I think the cynical view is that the American state itself has been perpetually at war against certain race, class and gender interests, and that the two party system itself, whether it appears to be at war or at peace, is fundamentally a ruse meant to distract and discourage people from challenging its hegemony.
Historical events (COINTELPRO, Pentagon Papers, police violence) reinforce this view, and essentially delegitimize the state in the eyes of many observers. Hence the abysmal voting turnout, etc.
Recent history takes this idea to its logical conclusion – government as farce, propagated by the media, and meant to entertain and distract while the underlying logic of the economy drives history, as Marx envisioned.
Im curious how Habermas responded to Marx’s theory of historical materialism? What were his views on Lenin’s theory of the state?
That’s a good question about Habermas’s view of Leninism. I have no idea myself.
It’s hard for me to see how the cynical view as you’ve stated it is tenable, though maybe if it were more specific it would be. I think it’s untenable because the apparatus of the state in the United States keeps evolving and winds up including within it most all races, classes, and genders. So I think it’s much more realistic to talk about how the American state is constituted by warring interests than it is to talk about the state at war with (domestic) interests, except in some exceptional cases.
Maybe you have reason to disagree.
But the argument that certain problematic events and the way they reduce the legitimacy of the state is what I am arguing is a symptom of people believing, out of ‘criticality’, that what legitimizes the state (or not) is its ability to address their particular interests. This is as opposed to being the sort of thing that mediates between interests through procedure.
The German case is interesting though. A state, when faced with an unrelenting image of pure evil due to idealogical excess, decides to undertake a moral accounting of its actions, including the actions of ancestors and predecessors, to alter its own conception of itself, if not the sources of its acquired privilege?
When will capitalism and colonialism come to that reckoning? When the environment is destroyed and/or the poor are sacrificed, or before then?
Also, how much of this self-reflection and awareness due to the German tradition of bildung, for which there is no American or global equivalent? This would be consistent with your thoughts in this blog post and the previous one.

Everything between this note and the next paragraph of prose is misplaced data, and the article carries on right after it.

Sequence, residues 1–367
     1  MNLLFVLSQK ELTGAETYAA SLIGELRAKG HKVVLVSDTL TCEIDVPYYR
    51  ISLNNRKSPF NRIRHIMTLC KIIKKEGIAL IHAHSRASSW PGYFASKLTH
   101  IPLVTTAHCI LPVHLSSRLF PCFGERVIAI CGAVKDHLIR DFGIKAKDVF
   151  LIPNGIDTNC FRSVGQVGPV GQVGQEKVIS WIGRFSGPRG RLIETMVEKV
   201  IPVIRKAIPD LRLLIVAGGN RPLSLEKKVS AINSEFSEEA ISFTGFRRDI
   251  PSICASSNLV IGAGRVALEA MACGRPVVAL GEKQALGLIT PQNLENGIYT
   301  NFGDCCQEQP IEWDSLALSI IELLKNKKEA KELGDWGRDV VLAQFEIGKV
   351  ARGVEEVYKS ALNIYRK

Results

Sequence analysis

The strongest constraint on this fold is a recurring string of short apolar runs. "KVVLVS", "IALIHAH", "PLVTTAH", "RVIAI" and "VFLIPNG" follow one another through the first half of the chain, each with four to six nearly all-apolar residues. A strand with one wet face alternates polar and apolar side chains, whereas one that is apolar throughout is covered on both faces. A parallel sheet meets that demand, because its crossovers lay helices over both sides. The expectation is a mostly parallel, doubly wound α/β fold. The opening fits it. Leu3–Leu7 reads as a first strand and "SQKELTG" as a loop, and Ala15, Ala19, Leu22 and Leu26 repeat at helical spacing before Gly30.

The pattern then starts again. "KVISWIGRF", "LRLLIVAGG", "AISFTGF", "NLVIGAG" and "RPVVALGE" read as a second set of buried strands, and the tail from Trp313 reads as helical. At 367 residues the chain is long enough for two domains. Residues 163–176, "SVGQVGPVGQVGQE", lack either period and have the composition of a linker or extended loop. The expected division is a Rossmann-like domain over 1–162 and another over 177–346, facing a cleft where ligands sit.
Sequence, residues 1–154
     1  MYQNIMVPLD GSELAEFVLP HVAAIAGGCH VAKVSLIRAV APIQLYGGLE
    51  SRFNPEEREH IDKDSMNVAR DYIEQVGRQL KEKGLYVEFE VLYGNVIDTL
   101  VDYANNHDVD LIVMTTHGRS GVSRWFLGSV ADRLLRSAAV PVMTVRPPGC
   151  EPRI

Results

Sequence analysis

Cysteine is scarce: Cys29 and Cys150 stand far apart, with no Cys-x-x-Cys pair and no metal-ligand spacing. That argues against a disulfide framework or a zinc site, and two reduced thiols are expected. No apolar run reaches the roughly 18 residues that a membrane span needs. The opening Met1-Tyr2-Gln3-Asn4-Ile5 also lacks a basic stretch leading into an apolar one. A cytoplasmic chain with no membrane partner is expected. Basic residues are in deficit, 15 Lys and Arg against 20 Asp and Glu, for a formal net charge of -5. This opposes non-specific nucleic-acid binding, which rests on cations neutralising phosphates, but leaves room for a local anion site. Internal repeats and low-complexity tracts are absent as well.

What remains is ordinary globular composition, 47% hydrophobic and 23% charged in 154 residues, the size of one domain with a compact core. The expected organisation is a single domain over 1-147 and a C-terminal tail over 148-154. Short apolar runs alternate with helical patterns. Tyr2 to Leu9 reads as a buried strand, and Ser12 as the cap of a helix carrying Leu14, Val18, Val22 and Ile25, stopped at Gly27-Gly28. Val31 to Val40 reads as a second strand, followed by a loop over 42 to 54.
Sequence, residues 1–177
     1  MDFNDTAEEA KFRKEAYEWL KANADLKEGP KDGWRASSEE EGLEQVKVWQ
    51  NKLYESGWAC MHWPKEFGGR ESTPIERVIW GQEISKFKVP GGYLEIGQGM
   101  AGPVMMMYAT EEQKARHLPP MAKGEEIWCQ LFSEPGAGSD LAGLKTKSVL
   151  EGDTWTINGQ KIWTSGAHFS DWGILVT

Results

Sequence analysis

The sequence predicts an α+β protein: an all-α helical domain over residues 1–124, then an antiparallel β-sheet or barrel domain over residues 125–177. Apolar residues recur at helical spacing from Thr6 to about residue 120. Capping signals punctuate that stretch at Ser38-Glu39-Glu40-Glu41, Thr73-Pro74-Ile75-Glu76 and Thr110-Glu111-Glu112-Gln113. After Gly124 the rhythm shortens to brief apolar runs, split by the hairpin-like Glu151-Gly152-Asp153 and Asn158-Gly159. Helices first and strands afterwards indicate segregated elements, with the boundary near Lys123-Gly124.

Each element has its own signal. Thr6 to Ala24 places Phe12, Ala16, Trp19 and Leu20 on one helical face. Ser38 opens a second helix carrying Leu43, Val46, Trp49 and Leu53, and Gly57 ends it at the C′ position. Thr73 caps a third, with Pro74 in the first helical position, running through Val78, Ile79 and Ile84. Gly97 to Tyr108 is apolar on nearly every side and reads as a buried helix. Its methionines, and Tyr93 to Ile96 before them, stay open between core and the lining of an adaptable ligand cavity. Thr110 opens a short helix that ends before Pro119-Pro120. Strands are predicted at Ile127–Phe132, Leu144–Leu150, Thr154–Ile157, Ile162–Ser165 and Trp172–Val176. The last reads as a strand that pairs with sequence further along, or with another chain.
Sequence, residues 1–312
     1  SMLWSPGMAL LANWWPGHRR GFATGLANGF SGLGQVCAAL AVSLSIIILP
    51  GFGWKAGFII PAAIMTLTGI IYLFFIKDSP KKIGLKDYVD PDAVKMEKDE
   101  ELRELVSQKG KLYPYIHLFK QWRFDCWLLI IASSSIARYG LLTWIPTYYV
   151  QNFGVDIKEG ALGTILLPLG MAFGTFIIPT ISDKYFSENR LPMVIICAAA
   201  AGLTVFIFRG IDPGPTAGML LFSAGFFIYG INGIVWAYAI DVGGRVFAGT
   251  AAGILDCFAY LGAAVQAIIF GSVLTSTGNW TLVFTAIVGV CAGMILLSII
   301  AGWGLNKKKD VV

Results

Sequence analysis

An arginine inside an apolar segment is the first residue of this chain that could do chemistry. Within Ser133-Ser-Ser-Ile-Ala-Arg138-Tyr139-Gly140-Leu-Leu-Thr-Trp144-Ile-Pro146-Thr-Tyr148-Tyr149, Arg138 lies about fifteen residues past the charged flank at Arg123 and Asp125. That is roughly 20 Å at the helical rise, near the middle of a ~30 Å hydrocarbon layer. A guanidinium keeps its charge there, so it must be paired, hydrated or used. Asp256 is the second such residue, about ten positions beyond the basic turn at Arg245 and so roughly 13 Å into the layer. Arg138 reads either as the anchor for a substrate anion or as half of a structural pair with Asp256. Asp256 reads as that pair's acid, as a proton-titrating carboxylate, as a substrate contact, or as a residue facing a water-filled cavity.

One wonders thought about the staying power of this kind of sentiment, with the renewed growth of populist and nationalist parties in Germany….
“Capitalism” and “colonialism” aren’t agents, even in the loose collective sense that a state is a collective with agency. Asking “capitalism” to come to moral account of its actions and ideological excesses is like asking the wind or the ocean to come to moral account. It’s a category mistake.
My sense is that German (and French, and Dutch) parliamentary institutions are better designed than the U.S.’s and so are better at balancing the influence of fringe parties against general will. That’s consistent with what I’m arguing about Habermas: that Europe is benefiting from more attentiveness to its legal procedures, holding them to an ideal of disinterestedness. In contrast, in the U.S. right now the very logic of legislative procedure (e.g. filibusters) is considered ad hoc and negotiable for the sake of short term political gain.
Fair enough. But there is a chicken and egg problem here. Are American institutions illegitimate because the population doesn’t care/know enough, or does the population not care/know enough because they are illegitimate?
Maybe we need to look at the origin of the American state to understand the answer. Most European institutions were created in conditions there were few racial/ethnic minorities to account for, or where they were greatly outnumbered by the dominant group. On the other hand the political class in this country has always had to defend itself from the interests and claims of native Americans and blacks, and so has always had an interest in erecting structural barriers to participation.